June 22, 2010 Progress towards teaching children to have positive attitudes towards disabled people has been slow and 'patchy', according to a new study funded by the Economic and Social Research Council (ESRC).
Many primary school teachers admit they 'could do better'. Lack of resources or insufficient training has led to teaching that is often inadequate and lacking in confidence, claim researchers.
"Some of the reasons for the lack of positive promotion of disability in primary schools are; uncertainty about how to fit disability equality into the curriculum or a reluctance to talk about disability for fear of highlighting 'difference' " says the study.
The Disability Equality in English Primary Schools Project, led by Dr Angharad Beckett of Leeds University, focused on the extent and nature of teaching for disability equality, whilst also examining children's understanding of what it means to be disabled.
In December 2006, a legal duty was placed upon public sector organisations to promote equality for disabled people. Primary schools were supposed to have a Disability Equality Scheme (DES) in place by December 2007, which included their plans for promoting positive attitudes towards disabled people.
The study found that only 30 per cent of respondent schools had a DES in place that included this dimension and teaching about disability equality was often the 'poor relation' compared to other equality issues such as 'race'.
"When we talked to children about the lives of disabled people, many were appalled about how society effectively disables people, excluding them from key areas of life. Most children appear to have a keen sense of what is socially just, and consider the way that society treats disabled people to be very 'unfair'," Dr Beckett said.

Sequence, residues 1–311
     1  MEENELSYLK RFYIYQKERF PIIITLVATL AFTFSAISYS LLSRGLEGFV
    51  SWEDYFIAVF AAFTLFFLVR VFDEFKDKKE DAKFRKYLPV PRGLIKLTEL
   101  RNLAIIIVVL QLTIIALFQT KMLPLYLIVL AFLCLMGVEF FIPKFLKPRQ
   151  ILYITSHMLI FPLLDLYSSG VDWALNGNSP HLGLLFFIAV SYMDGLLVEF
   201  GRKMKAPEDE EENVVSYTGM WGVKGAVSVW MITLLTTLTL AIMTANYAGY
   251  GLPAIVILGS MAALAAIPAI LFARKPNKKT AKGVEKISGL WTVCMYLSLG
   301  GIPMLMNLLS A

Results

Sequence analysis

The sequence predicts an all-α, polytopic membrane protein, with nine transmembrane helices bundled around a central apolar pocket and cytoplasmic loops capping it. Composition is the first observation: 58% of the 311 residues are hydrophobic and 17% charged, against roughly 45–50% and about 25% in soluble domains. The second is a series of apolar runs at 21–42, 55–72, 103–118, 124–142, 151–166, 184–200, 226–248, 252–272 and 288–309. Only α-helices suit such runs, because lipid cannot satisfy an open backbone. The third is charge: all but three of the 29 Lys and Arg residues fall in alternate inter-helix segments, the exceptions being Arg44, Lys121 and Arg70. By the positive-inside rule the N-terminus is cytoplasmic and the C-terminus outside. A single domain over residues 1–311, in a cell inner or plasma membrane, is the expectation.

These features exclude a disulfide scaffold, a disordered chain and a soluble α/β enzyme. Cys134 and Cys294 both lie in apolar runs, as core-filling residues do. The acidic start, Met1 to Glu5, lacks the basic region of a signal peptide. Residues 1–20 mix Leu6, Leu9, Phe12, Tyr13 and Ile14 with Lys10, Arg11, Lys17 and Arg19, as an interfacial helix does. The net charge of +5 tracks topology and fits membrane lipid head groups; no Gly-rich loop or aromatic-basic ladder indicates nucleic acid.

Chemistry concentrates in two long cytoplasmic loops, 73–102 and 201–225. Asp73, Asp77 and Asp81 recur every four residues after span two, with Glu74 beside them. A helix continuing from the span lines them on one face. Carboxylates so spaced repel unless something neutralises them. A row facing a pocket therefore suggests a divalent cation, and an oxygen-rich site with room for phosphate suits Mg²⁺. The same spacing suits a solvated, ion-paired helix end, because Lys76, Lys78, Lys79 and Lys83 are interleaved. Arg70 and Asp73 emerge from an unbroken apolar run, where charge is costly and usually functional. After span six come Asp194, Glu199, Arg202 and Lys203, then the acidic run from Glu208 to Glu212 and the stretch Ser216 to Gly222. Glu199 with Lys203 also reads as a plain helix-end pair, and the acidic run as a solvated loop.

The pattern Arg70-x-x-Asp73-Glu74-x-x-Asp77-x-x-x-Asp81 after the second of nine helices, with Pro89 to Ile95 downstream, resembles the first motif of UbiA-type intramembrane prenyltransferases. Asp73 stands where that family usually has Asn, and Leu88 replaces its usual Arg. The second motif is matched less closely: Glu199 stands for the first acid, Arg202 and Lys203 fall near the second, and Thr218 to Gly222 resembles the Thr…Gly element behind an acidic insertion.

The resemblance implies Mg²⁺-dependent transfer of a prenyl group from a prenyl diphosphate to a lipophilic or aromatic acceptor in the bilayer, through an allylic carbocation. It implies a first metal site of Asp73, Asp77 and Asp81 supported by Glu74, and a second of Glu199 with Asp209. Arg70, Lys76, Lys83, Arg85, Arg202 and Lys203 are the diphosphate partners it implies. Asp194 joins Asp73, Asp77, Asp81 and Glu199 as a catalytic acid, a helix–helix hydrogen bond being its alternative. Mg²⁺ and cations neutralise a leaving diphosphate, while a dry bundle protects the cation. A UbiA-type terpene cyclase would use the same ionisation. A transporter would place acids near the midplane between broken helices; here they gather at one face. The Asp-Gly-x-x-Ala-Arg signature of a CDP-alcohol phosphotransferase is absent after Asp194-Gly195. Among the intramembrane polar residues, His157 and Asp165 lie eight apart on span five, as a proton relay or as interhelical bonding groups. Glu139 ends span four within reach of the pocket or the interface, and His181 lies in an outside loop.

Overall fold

"The challenge is how to encourage and support already hard-pressed teachers to start talking to children about disability and to promote positive attitudes towards disabled people. Schools are not the only agents with responsibilities here. The family and the media also need to play their part but they are certainly well placed to challenge disabling attitudes and help build a more enabling society."
Encouragingly, schools said they would value more visits by disabled people's organisations and where schools knew how to embed disability into the curriculum, this teaching was not considered 'burdensome'.
This is important because the findings of the study suggest the need for a proactive approach. Children in the study (aged 6/7 and 10/11) admired famous disabled people, such as Stephen Hawking, but misunderstandings about disability were commonplace.
Younger children tended to believe that disabled people would not be able to have partners or marry, while many children of both age groups did not think disabled people could be employed. Both age groups suggested that disabled people could not or should not have children because they might 'pass on' impairments.
The research concluded that local authorities and head teachers need to be more aware of children's misconceptions and of their responsibilities to challenge these; teachers need more training. In addition, Ofsted inspections could be extended to include assessment of schools' progress with regard to the Disability Equality Duty.
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